New Zealand all milk is pasteurised, this is a heat
treatment process intended to eliminate any viruses
or bacteria in the milk. Many people feel concerned that this reduces the
bio-availability of the nutrients in the milk. Of course the bottom line here is
that cows milk is for calves. Human milk is for human babies. As human adults
cows milk is an unsuitable food and today most mil is sold in cartons and there
are now a multitude of flavours and fortified milk formulas available.
milk - Silver top bottles, this is supposed
to be only pasteurised milk that has not had any
Milk- green top milk (green/yellow cartons) has most of the milk
fat removed and we consider this form of milk to be
the safest to consume in small quantities.
Milk - Blue top (blue cartons) - we consider this to be
dangerous to health as in the processing the milt is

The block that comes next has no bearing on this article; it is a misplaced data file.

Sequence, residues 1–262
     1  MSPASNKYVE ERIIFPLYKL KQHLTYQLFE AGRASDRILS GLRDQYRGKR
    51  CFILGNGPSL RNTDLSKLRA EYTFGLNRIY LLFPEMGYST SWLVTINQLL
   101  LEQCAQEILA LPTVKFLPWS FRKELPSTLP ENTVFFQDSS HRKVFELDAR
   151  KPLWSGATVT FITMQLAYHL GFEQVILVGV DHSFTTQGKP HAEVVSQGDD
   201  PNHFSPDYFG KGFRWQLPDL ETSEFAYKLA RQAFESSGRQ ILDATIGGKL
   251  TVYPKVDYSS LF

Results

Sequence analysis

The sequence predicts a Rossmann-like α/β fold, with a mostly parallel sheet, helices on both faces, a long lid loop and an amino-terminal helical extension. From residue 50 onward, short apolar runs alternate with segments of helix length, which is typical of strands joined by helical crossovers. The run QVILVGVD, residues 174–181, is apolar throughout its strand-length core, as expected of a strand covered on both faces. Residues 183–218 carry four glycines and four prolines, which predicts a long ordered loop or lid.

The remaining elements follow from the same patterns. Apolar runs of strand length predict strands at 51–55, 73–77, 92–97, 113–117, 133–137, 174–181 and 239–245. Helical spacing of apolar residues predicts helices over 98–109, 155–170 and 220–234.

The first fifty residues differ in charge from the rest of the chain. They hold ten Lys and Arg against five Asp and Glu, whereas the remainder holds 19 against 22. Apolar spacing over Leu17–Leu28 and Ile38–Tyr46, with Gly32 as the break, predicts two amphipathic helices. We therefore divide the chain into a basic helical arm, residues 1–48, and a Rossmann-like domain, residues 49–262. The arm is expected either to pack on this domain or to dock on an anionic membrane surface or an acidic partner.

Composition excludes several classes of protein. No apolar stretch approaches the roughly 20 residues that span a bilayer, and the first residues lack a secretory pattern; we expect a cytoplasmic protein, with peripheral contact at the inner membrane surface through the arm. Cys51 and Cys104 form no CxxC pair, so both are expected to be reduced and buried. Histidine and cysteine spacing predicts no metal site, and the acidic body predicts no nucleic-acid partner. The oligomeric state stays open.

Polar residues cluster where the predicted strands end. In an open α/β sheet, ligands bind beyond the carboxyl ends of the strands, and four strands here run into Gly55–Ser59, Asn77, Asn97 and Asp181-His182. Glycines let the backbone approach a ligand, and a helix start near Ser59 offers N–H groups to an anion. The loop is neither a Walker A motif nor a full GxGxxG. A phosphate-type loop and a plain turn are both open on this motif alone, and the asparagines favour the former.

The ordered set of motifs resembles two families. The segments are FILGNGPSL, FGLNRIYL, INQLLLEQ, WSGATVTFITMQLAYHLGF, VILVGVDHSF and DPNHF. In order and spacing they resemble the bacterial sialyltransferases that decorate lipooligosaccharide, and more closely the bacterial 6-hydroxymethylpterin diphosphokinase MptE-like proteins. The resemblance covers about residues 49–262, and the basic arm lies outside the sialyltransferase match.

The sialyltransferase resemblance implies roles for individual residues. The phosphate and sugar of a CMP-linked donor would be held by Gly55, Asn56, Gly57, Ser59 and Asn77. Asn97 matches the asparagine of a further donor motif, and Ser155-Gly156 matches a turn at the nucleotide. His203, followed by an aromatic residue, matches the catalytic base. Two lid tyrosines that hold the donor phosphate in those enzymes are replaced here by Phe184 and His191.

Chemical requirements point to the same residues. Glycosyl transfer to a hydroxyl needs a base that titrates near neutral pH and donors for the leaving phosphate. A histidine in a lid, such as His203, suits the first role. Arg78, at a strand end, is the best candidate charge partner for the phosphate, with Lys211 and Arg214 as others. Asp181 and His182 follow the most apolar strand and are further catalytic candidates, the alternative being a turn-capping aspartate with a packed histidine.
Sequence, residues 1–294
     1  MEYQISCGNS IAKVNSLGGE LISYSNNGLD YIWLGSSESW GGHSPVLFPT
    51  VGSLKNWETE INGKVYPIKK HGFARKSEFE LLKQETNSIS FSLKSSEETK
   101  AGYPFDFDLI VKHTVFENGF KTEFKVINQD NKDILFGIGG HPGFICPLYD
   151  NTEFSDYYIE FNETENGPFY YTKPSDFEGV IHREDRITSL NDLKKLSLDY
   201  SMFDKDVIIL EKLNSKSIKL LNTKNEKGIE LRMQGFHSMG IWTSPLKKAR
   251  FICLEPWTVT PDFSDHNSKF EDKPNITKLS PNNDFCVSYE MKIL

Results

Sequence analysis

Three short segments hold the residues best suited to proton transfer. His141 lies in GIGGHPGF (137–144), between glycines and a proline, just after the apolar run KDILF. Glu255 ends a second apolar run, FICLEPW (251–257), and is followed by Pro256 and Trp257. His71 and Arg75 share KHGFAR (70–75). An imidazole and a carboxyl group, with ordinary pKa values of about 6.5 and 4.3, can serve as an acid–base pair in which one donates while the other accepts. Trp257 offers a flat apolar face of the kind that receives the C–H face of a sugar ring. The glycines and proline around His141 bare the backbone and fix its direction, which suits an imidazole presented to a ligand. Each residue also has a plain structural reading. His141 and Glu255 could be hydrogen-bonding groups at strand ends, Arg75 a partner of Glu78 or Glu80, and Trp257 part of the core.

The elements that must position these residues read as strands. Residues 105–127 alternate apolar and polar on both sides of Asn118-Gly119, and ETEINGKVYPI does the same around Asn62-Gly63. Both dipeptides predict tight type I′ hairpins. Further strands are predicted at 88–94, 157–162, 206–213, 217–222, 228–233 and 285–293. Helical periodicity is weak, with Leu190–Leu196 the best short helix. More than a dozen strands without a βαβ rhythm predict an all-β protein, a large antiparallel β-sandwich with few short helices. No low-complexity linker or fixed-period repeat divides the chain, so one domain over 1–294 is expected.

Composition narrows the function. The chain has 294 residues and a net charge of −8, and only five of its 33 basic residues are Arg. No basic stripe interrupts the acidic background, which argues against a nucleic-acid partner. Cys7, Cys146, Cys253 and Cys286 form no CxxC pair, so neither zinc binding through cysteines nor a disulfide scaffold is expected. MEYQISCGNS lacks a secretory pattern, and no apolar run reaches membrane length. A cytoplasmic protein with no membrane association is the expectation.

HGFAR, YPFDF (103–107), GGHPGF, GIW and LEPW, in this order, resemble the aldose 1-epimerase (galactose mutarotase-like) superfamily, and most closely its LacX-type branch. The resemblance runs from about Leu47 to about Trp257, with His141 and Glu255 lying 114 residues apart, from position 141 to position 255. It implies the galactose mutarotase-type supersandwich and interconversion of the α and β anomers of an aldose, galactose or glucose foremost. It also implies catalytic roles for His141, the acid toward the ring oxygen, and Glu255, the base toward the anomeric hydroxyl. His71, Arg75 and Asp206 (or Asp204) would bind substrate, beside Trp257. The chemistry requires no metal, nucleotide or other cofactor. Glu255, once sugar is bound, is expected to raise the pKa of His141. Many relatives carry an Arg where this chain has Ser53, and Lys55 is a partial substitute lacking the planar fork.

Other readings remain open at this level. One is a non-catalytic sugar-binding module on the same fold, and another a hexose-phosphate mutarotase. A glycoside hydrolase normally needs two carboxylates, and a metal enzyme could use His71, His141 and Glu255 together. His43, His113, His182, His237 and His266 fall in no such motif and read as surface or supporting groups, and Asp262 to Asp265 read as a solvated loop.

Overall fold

treated so that the molecules of milk fat are
shattered. This means that we are ingesting parts of
molecules which the body reads as digested. This
leads to the body absorbing undigested fat/ protein
and it is thought that this could be a major cause of
A1 & A2 Milk a dispute at present, however A2 milk may be healthier,
2013 Botulism scare
Milk products made by the New Zealand company Fonterra were recalled Aug 4th 2013 including two Nutricia products - Karicare Gold+ Follow On Formula Stage 2
(6-12 months) with batch No D3183, and Karicare Infant Formula Stage 1 (0-6 months) with batch Nos 3169 and 3170. This follows on from a related incident known as the
2008 Chinese milk scandal where poisoned milk claimed the lives of many children.
A new scare in August 2013 involving the Botulinum neurotoxin (BoNT) is the most toxic substance known to man and the causative agent of botulism.
It is not clear what strain of the botulism in the Fonterra milk. Clostridium botulinum is a large anaerobic Gram-positive bacillus that forms subterminal endospores and due to its high toxicity and the availability of the producing organism
Clostridium botulinum, BoNT is regarded as a potential biological warfare agent.
The symptoms in adults are paralysis and possibly death, in children the fatality rate is less than 1% for infants hospitalized with botulism.
Milk and osteoporosis
A1 & A2 Milk